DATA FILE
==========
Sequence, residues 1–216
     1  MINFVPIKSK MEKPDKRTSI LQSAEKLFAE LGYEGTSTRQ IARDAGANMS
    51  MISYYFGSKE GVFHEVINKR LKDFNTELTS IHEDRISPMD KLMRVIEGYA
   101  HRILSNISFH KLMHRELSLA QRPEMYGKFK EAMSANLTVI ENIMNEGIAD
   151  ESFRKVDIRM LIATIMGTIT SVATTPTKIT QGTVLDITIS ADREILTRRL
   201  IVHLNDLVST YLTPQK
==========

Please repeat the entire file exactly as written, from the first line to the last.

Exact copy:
Sequence, residues 1–216
     1  MINFVPIKSK MEKPDKRTSI LQSAEKLFAE LGYEGTSTRQ IARDAGANMS
    51  MISYYFGSKE GVFHEVINKR LKDFNTELTS IHEDRISPMD KLMRVIEGYA
   101  HRILSNISFH KLMHRELSLA QRPEMYGKFK EAMSANLTVI ENIMNEGIAD
   151  ESFRKVDIRM LIATIMGTIT SVATTPTKIT QGTVLDITIS ADREILTRRL
   201  IVHLNDLVST YLTPQK